The federal government is steadily becoming more antagonistic and repugnant to the People.  Its interests are not the interests of the American people. In fact, too many times, its interests are exactly opposed to their interests.  Look at the immigration issue, look at the erosion of race relations at the direct hands of the current administration, and look at the soft stance the current administration is taking with respect with the greatest evil the world has encountered since Nazi Germany and its designs for genocide of the Jews and world domination.  When has America ever stood by and watched its citizens being brutally beheaded?  The Patient Protection & Affordable Care Act, for example, which violates so many precious American liberties that this article dares not even go into them, was passed with a level of deception and duplicity that hasn’t been seen in this country since the days of the Civil War and Reconstruction. As if the backdoor deals, threats, and political promises make by the President weren’t enough, as if his promise to the American people, through an interview with George Stephanopolous, that the mandate was not a tax only to have the mandate officially classified as a tax (and supported and justified by the government’s taxing power) wasn’t enough, and as if the promises of lower healthcare costs (and retention of one’s doctor) only to see costs skyrocket, doctors lost, and businesses suffer wasn’t enough, we now learn that the architect of the healthcare bill “counted on the stupidity of the American people” in getting the bill passed in the court of public opinion.  He said that if more people knew what was written in the bill, it would have never passed. “This bill was written in a tortured way to make sure CBO did not score the mandate as taxes. If CBO scored the mandate as taxes, the bill dies. Okay, so it’s written to do that.  In terms of risk rated subsidies, if you had a law which said that healthy people are going to pay in – you made explicit healthy people pay in and sick people get money, it would not have passed… Lack of transparency is a huge political advantage. And basically, call it the stupidity of the American voter or whatever, but basically that was really really critical for the thing to pass… Look, I wish we could have made it all transparent, but I’d rather have this law than not.”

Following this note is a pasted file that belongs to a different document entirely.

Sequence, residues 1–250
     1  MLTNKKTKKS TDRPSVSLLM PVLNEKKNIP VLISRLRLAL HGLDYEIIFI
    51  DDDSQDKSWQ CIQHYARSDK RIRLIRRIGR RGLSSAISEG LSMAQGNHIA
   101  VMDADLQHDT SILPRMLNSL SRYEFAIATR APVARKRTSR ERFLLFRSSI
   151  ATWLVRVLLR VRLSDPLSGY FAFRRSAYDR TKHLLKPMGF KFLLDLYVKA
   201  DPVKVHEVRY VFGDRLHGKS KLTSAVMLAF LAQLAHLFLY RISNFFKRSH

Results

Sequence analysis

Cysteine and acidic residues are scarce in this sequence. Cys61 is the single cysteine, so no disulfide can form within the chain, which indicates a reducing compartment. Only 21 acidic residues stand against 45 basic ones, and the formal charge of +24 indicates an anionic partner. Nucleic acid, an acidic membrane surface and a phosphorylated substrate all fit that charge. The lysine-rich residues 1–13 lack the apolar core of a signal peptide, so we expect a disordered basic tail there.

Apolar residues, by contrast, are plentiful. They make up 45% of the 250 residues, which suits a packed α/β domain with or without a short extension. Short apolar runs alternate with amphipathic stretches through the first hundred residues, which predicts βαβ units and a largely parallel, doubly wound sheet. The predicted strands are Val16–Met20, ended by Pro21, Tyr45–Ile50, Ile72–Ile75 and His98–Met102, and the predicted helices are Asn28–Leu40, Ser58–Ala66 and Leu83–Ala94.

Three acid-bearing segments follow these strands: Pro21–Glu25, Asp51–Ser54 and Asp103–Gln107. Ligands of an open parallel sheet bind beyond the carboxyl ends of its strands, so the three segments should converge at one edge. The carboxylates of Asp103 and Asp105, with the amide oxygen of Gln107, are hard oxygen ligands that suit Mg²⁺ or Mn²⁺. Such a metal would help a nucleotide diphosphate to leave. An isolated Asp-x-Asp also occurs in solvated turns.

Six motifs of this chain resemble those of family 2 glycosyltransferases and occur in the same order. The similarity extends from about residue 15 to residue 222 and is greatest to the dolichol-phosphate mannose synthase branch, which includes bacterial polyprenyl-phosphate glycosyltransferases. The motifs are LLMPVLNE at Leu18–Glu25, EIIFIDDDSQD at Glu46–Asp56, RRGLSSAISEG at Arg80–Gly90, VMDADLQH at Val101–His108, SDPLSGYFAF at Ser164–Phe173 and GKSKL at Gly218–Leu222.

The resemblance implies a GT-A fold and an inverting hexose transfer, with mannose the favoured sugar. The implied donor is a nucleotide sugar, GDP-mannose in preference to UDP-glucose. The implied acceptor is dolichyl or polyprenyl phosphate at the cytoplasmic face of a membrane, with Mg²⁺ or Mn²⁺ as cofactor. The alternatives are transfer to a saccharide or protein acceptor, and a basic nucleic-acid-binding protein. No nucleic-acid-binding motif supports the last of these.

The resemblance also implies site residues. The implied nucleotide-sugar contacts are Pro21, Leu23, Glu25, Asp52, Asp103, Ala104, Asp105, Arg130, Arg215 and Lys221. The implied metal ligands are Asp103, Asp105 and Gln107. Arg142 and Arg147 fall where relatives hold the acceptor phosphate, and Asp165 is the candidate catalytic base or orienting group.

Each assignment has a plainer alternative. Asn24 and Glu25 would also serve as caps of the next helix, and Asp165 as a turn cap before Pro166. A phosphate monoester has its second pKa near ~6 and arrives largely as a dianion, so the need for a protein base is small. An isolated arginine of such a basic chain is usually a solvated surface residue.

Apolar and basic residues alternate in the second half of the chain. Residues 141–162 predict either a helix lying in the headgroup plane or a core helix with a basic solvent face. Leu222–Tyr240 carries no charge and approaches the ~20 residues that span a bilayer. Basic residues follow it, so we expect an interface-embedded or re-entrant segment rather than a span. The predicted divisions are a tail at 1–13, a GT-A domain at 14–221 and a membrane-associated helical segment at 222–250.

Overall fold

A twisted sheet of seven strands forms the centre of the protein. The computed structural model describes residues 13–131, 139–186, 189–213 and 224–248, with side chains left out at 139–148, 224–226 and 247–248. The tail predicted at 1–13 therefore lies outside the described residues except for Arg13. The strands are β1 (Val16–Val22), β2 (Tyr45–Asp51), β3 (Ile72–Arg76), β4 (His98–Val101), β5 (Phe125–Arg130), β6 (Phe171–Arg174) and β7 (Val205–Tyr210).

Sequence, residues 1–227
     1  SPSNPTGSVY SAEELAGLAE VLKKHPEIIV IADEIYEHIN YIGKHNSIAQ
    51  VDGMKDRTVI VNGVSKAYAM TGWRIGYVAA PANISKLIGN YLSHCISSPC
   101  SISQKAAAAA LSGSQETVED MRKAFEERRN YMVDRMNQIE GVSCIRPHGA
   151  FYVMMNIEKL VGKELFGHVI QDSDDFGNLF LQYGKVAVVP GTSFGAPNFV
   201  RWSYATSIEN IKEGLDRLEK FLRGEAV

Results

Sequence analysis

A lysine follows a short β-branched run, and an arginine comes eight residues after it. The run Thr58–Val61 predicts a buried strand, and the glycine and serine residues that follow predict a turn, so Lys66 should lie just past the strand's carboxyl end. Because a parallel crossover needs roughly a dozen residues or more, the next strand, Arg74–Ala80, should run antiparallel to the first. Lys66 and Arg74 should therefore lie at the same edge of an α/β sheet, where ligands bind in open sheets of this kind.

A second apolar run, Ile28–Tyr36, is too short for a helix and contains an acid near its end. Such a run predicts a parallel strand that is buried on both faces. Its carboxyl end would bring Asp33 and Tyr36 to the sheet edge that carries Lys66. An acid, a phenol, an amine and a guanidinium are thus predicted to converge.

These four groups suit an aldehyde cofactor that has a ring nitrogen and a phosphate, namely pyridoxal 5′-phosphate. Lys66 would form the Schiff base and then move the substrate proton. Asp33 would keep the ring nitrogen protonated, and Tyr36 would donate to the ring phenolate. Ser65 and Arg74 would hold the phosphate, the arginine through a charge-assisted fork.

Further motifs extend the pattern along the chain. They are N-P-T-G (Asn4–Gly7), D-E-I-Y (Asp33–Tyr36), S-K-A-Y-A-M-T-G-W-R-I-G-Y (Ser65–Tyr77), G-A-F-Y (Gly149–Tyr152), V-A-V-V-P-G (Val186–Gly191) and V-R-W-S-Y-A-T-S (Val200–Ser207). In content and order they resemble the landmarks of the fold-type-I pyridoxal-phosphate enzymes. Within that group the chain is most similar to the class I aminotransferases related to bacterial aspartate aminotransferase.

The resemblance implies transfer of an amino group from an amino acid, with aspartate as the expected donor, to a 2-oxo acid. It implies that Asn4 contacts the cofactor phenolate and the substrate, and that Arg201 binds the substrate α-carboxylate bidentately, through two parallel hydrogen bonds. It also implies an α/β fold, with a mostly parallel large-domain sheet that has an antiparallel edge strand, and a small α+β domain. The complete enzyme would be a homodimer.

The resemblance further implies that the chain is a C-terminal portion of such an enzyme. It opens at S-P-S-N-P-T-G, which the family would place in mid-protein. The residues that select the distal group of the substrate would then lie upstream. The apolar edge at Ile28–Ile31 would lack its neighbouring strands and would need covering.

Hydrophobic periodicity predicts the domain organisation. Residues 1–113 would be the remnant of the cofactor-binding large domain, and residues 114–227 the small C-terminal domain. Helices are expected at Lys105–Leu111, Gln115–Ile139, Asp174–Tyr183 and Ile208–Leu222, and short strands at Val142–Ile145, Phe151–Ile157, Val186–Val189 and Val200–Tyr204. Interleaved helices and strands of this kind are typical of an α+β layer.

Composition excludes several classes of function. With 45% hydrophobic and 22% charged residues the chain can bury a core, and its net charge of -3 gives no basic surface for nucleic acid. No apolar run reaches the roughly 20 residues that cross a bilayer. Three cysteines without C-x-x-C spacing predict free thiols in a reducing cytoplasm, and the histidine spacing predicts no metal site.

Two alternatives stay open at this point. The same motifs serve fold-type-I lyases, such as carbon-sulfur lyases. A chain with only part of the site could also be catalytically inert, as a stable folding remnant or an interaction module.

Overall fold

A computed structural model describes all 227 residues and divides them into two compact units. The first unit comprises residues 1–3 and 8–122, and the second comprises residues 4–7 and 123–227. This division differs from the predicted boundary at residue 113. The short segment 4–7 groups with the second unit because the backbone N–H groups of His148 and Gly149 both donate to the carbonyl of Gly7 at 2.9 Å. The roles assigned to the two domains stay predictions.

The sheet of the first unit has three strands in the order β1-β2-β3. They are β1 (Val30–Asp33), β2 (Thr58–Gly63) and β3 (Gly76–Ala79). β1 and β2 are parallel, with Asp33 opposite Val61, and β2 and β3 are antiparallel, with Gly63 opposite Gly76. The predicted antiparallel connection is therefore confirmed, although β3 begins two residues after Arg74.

This government – OUR government – a government supposedly of the people, by the people and for the people –  purposely set out to deceive We the People.  Wow.  I mean, WOW!  Can you believe the audacity of our government?  King George III of England seemed audacious at one time.  He and the British Parliament took the liberty of taxing the American colonies to cover the costs incurred by the British in fighting the French in the French & Indian War (to clear claim to the New World territories) and the costs to protect them.  Yes, the tax was ultimately being used to serve and benefit the colonies, but it was the fact that the King didn’t first provide them with a seat in Parliament to give them representation with respect to legislation that affected them which set them off.  This failure of the King to safeguard their rights as Englishmen (as laid out in the English Bill of Rights of 1689, among other charters) is what gave birth to the Sons of Liberty, led to the Boston Tea Party, the shots at Concord & Lexington, the Declaration of Independence, and ultimately to our secession from Great Britain.  The lack of transparency, the duplicity, the contempt, etc…..  King Obama and his Congress of rats and weasels all of a sudden don’t seem much different from King George.